On Christmas Eve, thousands of Irish children wait excitedly in their homes for Santa to arrive. They think about their Santa letters, hang up their stockings and run around wildly while preparing milk and cookies for Santa.
Last year, almost 400 children were cared for in Temple Street hospital and did not make it home for Christmas. Instead of joining in on the festivities at home, they lay in hospital beds with stockings hung by their beds.
A bit of Christmas magic came to Temple Street last week when six-year-old Izzy O’Connell, who spent three months in Temple Street this year following the removal of a brain tumour, turned on the hospital’s Christmas lights with Santa. Izzy who has been in cancer treatment for 10 months hopes that the lights will bring some hope to the other patients.
Speaking at the switch-on Izzy said: “I love Temple Street and I don’t mind coming to the hospital for my check-ups because I love getting to see everyone. It was so much fun switching on the lights with Santa. The hospital looks really pretty, and I think all the children in Temple Street this Christmas will really like it. The lights will make them really happy!”
Instead of tucking their child into bed, trying to peel back the layers of excitement, parents of sick children are just hoping that their child will get better this Christmas. The list on Santa letters becomes meaningless. Instead of Santa tip-toeing across the floors, its doctors and nurses who work hard throughout the night to ensure that their children are cared for.
Izzy’s mum, Emma O’Connell, was delighted to see Izzy turn on the Christmas lights. “Last Christmas we were totally oblivious to devastation that was around the corner for us. We, or so we thought, had a perfectly healthy little girl. This past year watching Izzy battle through surgery and endure months of therapy and chemo; it was a nightmare that no parent should ever have to suffer. Today, watching Izzy switch on the lights in the hospital that saved her life, I can’t explain how happy we feel,” she said.
It was around Christmas time last year when Emma began to see Izzy’s health deteriorate. Doctors suspected that Izzy had a winter bug, but Izzy seemed more tired than usual. In February, Emma noticed a lump on Izzy’s head and brought her straight to A&E, but was then referred to Temple Street hospital. Within hours, Izzy was fighting for her life in a surgery that took over 11 and a half hours.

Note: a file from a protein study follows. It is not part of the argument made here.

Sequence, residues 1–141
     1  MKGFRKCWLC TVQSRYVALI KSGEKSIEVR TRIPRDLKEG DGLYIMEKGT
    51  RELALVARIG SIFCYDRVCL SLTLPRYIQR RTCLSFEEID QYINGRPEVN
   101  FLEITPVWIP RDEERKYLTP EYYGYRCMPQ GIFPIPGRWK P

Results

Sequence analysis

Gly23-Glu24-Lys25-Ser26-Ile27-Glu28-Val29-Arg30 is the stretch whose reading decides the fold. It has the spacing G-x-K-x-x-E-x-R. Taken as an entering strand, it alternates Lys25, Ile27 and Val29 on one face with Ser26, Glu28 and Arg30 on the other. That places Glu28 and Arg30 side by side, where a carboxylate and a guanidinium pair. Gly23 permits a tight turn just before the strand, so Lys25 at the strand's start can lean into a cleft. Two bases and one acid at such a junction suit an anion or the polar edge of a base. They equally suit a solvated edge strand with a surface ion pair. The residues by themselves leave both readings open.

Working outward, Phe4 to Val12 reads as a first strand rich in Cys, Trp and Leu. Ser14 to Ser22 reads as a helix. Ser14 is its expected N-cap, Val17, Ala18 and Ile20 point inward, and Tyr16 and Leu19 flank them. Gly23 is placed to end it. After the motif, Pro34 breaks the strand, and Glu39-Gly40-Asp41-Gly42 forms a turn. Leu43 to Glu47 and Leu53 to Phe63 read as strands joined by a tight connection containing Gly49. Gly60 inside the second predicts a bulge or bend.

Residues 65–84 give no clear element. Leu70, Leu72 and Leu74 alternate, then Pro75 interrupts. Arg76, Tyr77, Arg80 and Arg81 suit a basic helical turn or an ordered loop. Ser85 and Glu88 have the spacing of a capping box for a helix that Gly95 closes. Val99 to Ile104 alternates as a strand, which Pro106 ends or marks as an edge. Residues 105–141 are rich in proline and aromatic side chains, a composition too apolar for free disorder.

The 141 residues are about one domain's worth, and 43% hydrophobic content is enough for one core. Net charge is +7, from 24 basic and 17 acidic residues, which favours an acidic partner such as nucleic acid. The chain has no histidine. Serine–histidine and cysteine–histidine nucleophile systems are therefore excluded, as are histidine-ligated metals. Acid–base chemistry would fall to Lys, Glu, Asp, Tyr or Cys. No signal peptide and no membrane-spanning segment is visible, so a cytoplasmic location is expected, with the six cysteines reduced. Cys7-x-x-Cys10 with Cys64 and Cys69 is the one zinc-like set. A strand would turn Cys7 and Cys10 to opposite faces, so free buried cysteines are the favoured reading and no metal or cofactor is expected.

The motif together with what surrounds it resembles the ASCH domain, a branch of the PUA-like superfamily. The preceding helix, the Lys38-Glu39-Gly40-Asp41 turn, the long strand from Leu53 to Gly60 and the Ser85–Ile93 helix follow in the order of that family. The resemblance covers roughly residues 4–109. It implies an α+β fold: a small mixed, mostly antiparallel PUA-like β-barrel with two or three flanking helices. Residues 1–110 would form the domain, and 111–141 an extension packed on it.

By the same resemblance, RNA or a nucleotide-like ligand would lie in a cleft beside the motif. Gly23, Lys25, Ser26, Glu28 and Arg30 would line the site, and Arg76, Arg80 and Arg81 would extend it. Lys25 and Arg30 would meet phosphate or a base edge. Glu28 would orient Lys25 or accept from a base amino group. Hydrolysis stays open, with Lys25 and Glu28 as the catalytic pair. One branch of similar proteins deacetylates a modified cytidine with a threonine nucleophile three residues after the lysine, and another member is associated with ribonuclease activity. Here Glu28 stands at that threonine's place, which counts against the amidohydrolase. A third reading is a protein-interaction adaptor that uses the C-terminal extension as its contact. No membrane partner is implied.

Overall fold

After the surgery, Izzy lost the power in the left side of her body and had to endure physiotherapy and occupational therapy to help her to walk again.
In April, Izzy started 48 days of intense chemotherapy and radiotherapy. Her parents said that she didn’t complain once and always had a smile on her face. To complete Izzy’s treatment she also had to endure six rounds of chemotherapy at home.
After three rounds of chemo, an MRI showed a cyst growing rapidly from the tumour in Izzy’s brain and she was taken for an emergency surgery to remove the cyst. Surgeons realised that the tumour was more extensive as part of it was connected to a brain stem. This made the tumour inoperable.
Following the chemotherapy, Izzy’s body was much weaker and Izzy lost the power in her left side again. Recovery this time has been a lot slower.
Izzy has started her fifth round of chemo, she has six to do in total. Once she finishes her sixth then treatment will be withdrawn for five months to see whether the tumour grows or not. For now, for Izzy and her family, it is a waiting game.
It’s because of children like Izzy that Temple Street work tirelessly to bring a bit of Christmas magic to the children’s ward. Each year they launch a toy appeal to ensure that every child in the hospital receives a present from their wish list on Christmas. Temple Street also sell Christmas cards and have a Christmas raffle to try and raise funds in order to make Christmas magical for every child there. Last year from selling Christmas cards alone, the hospital managed to raise over €20,000. This money helped the hospital to buy state of the art equipment, develop new services and to put life back into tired old wards.
This year, Tesco, who is Temple Street’s charity partner, organised a Christmas wonderland in the hospital to surprise the patients spending Christmas away from home. They had an Elf Yourself workshop, a Magical Christmas Fair and a Magical Movie Theatre.
Even though these kids are sick, some fighting for their lives, Temple Street at Christmas distracts them from their illness and allows them to feel like other kids. The hope and light in some of the kids is a bit of Christmas magic in its own.
By Catherine Devine